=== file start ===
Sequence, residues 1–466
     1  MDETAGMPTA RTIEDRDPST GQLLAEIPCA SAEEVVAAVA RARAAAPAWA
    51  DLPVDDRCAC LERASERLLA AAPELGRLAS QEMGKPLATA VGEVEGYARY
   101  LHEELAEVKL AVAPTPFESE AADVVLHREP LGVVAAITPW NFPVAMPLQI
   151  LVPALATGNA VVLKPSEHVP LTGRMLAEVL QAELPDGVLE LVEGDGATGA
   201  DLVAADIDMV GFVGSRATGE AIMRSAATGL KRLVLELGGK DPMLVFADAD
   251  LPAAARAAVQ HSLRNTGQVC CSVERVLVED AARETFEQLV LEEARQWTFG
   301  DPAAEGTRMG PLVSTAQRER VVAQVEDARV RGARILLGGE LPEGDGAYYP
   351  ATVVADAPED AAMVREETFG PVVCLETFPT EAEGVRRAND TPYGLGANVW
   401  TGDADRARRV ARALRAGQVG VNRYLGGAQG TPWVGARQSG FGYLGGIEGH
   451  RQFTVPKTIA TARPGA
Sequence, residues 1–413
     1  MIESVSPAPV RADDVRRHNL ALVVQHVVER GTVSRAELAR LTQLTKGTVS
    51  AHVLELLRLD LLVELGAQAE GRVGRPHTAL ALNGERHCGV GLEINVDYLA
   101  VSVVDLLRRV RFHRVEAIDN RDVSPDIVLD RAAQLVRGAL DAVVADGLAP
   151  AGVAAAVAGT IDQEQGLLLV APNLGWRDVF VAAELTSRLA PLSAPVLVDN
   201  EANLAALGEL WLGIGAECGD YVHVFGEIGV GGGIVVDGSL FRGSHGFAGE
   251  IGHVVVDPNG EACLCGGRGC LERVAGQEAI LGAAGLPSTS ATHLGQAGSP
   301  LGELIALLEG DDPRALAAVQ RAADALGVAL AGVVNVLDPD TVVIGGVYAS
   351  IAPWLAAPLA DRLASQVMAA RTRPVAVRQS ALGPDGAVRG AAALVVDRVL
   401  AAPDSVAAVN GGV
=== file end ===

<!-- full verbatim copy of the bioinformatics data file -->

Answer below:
Sequence, residues 1–466
     1  MDETAGMPTA RTIEDRDPST GQLLAEIPCA SAEEVVAAVA RARAAAPAWA
    51  DLPVDDRCAC LERASERLLA AAPELGRLAS QEMGKPLATA VGEVEGYARY
   101  LHEELAEVKL AVAPTPFESE AADVVLHREP LGVVAAITPW NFPVAMPLQI
   151  LVPALATGNA VVLKPSEHVP LTGRMLAEVL QAELPDGVLE LVEGDGATGA
   201  DLVAADIDMV GFVGSRATGE AIMRSAATGL KRLVLELGGK DPMLVFADAD
   251  LPAAARAAVQ HSLRNTGQVC CSVERVLVED AARETFEQLV LEEARQWTFG
   301  DPAAEGTRMG PLVSTAQRER VVAQVEDARV RGARILLGGE LPEGDGAYYP
   351  ATVVADAPED AAMVREETFG PVVCLETFPT EAEGVRRAND TPYGLGANVW
   401  TGDADRARRV ARALRAGQVG VNRYLGGAQG TPWVGARQSG FGYLGGIEGH
   451  RQFTVPKTIA TARPGA
Sequence, residues 1–413
     1  MIESVSPAPV RADDVRRHNL ALVVQHVVER GTVSRAELAR LTQLTKGTVS
    51  AHVLELLRLD LLVELGAQAE GRVGRPHTAL ALNGERHCGV GLEINVDYLA
   101  VSVVDLLRRV RFHRVEAIDN RDVSPDIVLD RAAQLVRGAL DAVVADGLAP
   151  AGVAAAVAGT IDQEQGLLLV APNLGWRDVF VAAELTSRLA PLSAPVLVDN
   201  EANLAALGEL WLGIGAECGD YVHVFGEIGV GGGIVVDGSL FRGSHGFAGE
   251  IGHVVVDPNG EACLCGGRGC LERVAGQEAI LGAAGLPSTS ATHLGQAGSP
   301  LGELIALLEG DDPRALAAVQ RAADALGVAL AGVVNVLDPD TVVIGGVYAS
   351  IAPWLAAPLA DRLASQVMAA RTRPVAVRQS ALGPDGAVRG AAALVVDRVL
   401  AAPDSVAAVN GGV